The Storm of Progress
“Until now, the past has for us meant barbarism, whereas the future has signified progress, science, happiness. Illusion! This past, on all our counterpart worlds, has seen the most brilliant civilizations disappear without leaving a trace […] The future will witness yet again, on billions of worlds, the ignorance, folly, and cruelty of our bygone eras.”
(From Eternity by the Stars: An Astronomical Hypothesis, by Louis-Auguste Blanqui, 1871)
Those marvellously angry words were written – in prison – by an obscure 19th century revolutionary who spent 44 of his 76 years incarcerated for one reason or another. In our times, when astronomers are finding possibly habitable planets in faraway galaxies, Blanqui’s philosophical play with infinity perhaps warrants a wry smile, yet its political and visionary sting is undiminished.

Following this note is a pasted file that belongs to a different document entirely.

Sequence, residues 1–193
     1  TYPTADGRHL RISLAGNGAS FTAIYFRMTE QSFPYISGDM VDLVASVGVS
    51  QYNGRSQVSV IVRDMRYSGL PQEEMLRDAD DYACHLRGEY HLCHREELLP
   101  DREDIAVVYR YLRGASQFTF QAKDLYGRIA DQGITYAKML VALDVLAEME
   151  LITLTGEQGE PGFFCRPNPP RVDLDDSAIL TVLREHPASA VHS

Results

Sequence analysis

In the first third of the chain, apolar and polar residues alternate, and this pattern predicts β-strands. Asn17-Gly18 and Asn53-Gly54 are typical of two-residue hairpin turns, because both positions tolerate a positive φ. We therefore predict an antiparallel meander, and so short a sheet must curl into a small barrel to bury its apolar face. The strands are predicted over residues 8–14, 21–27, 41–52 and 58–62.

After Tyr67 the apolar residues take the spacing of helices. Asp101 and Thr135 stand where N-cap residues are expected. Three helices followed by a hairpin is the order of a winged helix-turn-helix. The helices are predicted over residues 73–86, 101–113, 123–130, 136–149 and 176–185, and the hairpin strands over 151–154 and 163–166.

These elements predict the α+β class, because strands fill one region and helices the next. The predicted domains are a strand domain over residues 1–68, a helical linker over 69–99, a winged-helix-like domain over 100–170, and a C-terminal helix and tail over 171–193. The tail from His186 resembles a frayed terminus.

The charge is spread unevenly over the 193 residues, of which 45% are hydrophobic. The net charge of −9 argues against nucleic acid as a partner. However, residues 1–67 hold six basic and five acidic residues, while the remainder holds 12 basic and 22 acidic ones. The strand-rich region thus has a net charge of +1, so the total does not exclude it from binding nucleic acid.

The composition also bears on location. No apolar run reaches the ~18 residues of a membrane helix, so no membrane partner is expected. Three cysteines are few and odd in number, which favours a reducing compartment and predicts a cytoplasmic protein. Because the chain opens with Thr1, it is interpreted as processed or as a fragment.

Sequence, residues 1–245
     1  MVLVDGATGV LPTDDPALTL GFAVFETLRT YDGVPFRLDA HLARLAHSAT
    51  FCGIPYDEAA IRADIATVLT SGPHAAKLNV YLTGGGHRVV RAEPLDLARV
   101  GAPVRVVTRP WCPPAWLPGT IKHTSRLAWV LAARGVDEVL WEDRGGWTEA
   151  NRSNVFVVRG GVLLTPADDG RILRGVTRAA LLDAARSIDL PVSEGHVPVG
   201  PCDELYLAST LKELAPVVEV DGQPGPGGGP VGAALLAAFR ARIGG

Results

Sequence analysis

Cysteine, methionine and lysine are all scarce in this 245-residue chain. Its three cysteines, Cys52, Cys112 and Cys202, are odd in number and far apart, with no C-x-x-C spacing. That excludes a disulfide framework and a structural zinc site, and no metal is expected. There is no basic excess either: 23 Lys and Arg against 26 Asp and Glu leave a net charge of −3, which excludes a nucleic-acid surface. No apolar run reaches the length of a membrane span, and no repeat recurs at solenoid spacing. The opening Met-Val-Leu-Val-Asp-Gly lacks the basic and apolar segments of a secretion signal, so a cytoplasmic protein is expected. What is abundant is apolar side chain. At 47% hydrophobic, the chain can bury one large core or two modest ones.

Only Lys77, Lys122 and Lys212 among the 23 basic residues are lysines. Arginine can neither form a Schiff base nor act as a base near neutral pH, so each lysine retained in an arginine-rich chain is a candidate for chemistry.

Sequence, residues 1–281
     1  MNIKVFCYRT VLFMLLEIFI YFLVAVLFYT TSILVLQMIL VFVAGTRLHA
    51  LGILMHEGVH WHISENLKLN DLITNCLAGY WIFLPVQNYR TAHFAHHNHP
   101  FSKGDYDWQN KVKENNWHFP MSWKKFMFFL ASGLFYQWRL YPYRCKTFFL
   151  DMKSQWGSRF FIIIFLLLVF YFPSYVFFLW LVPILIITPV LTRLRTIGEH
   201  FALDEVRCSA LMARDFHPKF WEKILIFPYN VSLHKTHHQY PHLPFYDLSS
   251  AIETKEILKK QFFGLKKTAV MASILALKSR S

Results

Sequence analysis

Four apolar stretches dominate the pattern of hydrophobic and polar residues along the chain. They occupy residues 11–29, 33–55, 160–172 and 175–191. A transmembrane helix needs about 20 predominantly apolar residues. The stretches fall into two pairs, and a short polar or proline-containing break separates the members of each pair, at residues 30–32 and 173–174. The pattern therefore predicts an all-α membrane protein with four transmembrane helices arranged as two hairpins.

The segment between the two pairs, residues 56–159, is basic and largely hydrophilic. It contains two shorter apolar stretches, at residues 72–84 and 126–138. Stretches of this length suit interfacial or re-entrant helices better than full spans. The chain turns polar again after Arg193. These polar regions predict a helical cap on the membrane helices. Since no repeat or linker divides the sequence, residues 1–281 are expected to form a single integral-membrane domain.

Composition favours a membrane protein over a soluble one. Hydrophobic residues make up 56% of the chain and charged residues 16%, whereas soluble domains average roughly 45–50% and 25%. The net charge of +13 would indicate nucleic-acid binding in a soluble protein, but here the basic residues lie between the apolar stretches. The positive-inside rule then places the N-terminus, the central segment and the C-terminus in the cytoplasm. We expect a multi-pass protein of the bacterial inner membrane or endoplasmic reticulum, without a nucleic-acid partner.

A History of Shadows
We hear those forgotten words in Les Unwanted de Europa, read in a majestic old-Europe library in 1940 by philosopher Walter Benjamin – or rather, by the character Walter Benjamin – who is trying to escape Nazi persecution and find his way across the Pyrenees. Nowadays, we are again confronted with refugees at Europe’s borders; and it seems Benjamin’s writing has never been more contemporary. It makes Ferraro’s beautiful film a perfect fit for our themed programme, A History of Shadows.